Reports released in February by California Attorney General Xavier Becerra and State Auditor Elaine Howle concluded that cities and counties that contract with ICE to hold immigration detainees need to improve their oversight of these facilities to address some serious concerns about the health, safety, and rights of detainees.

The reports found detainees endured prolonged periods of confinement without breaks, with some people spending 22-hours a day in their cells.

Language barriers, which can prevent detainees from having their basic needs met, were found to have lead to abusive disciplinary treatment from staff and to compromising confidentiality. 

RELATED: California officials: Immigration facilities lack oversight

Other problems included limited access to medical and mental health, as well as obstacles communicating with relatives and with access to legal counsel.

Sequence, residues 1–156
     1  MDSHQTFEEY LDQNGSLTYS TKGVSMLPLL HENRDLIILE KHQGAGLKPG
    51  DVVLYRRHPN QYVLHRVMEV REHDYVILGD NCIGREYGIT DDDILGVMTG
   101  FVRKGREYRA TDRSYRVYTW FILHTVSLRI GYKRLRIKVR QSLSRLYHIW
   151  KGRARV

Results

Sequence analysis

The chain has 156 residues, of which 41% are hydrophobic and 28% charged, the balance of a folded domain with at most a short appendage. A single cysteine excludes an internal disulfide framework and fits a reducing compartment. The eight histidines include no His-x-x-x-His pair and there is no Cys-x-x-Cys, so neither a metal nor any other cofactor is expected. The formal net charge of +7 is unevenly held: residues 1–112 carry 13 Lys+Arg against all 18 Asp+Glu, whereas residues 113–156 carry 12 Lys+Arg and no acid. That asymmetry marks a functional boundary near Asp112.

In addition, none of the counties contracted with ICE and the Office of Refugee Resettlement made sure that ICE was covering the cost of housing detainees, and Yolo County may have spent $700,000 more than what it received from the Office of Refugee Resettlement to house minors. 

“We find that one of the number one complaints is regarding medical neglect. So people who have serious medical conditions who are not being treated properly in immigration detention," Christina Mansfield, co-founder of the Freedom for Immigrants non-profit, told ABC 10. "We also routinely hear about sexual assault and immigration detention and we have reported on that.”

Mansfield's organization, an advocacy group that has been overseeing misconduct at detention centers, connecting immigrants with legal assistance, volunteers and other supportive services, has also investigated widespread sexual abuse in immigration detention centers.